Lismore City News
Saturday, 2 December 2023

Big step forward with para surfers included at Surfing Australia titles

By Mitchell Craig
Updated July 25 2022 - 2:14pm, first published July 19 2022 - 12:10pm

THREE-time world champion Mark 'Mono' Stewart will look to remain unbeaten in the adaptive division at the Australian Para Surfing Titles in Port Macquarie.

RIDING HIGH: Byron Bay surfer Mark 'Mono' Stewart will lead the charge at the Australian Para Surfing Titles in Port Macquarie next month. Picture: ISA/Sean Evans.
RIDING HIGH: Byron Bay surfer Mark 'Mono' Stewart will lead the charge at the Australian Para Surfing Titles in Port Macquarie next month. Picture: ISA/Sean Evans.

There will be extra eyes on the para division this year with it incorporated alongside the shortboard, longboard, logger titles and Bodyboarders competition for the first time next month.

The country's top adaptive surfing athletes, who have also had great success internationally this year, will make their way to Port Macquarie where new Australian Champions will be crowned across the six divisions.


Stewart, who was born in Lismore and has spent most of his adult life in Byron Bay, surfs with one leg in the kneel division and has been a driving force in bringing adaptive surfing to the world stage.

He was named male Para-Surfer of The Year at the Australian surfing awards in May and won the inaugural Adaptive Surfing Professionals World Championship Tour event in Hawaii last month.

The 57-year-old grew up on a dairy farm near Nimbin and lost his leg to cancer as a teenager.

He has won every Australian Title since the para division titles began in 2016.

"I'm really looking forward to the Aussie Titles at a wave-rich region like beautiful Port Macquarie," Stewart said.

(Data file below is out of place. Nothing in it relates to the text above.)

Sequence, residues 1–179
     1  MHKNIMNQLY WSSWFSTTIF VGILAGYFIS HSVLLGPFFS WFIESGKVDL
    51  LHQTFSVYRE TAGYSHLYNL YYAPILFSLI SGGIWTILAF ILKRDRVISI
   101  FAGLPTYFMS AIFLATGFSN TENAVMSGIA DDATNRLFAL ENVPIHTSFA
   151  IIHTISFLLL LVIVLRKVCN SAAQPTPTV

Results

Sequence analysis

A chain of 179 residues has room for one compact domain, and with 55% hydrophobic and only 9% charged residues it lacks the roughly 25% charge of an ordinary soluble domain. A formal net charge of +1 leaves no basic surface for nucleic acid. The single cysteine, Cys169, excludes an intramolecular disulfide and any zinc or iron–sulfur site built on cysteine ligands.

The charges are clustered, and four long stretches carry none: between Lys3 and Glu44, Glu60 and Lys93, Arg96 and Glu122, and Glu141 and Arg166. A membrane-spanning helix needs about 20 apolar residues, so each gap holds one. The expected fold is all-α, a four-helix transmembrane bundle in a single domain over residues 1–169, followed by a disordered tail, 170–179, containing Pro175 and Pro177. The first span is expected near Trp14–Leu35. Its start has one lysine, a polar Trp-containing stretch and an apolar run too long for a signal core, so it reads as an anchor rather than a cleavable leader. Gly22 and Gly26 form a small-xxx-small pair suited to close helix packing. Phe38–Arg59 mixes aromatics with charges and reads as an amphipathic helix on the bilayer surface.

"Having the Para Surf Titles included in the Championships is a great step forward.

"This year we will see a lot of new athletes vying for a spot on the Australian team to compete at the 2022 International Surfing Association (ISA) World Championships in California.

"We're looking forward to seeing the Port Macquarie locals come down and see our stellar line-up of adaptive surfers perform. It's pretty inspiring stuff."

The Para Surfing Titles has gained significant momentum in the last five years and championship events are gaining interest internationally.

An increase in state, national and international events has been established and there is a drive to support the growth of the sport and ensure the inclusion of all surfers.

The Australian Surfing Championships is one of the biggest and most prestigious events on the Surfing Australia calendar.

Dual Australian Champion Sam Bloom has been competing for four years.

She is thankful for the happiness surfing and the ocean has given her, as well as the opportunity to be a competitive athlete.

"Representing your country is the best feeling in the world," said Bloom, who is a two-time World Para Surfing Champion.

"All para surfing events are incredibly important. They show the world that it doesn't matter what you've been through or the insurmountable challenges you've overcome because the ocean can create a positive mindset that can change your life and help you achieve things you never thought possible.

"It's a place of so much healing and happiness for people whose lives didn't turn out the way they thought they would."

More than 500 surfers will compete across the entire event with the para titles to be held on Sunday, August 20.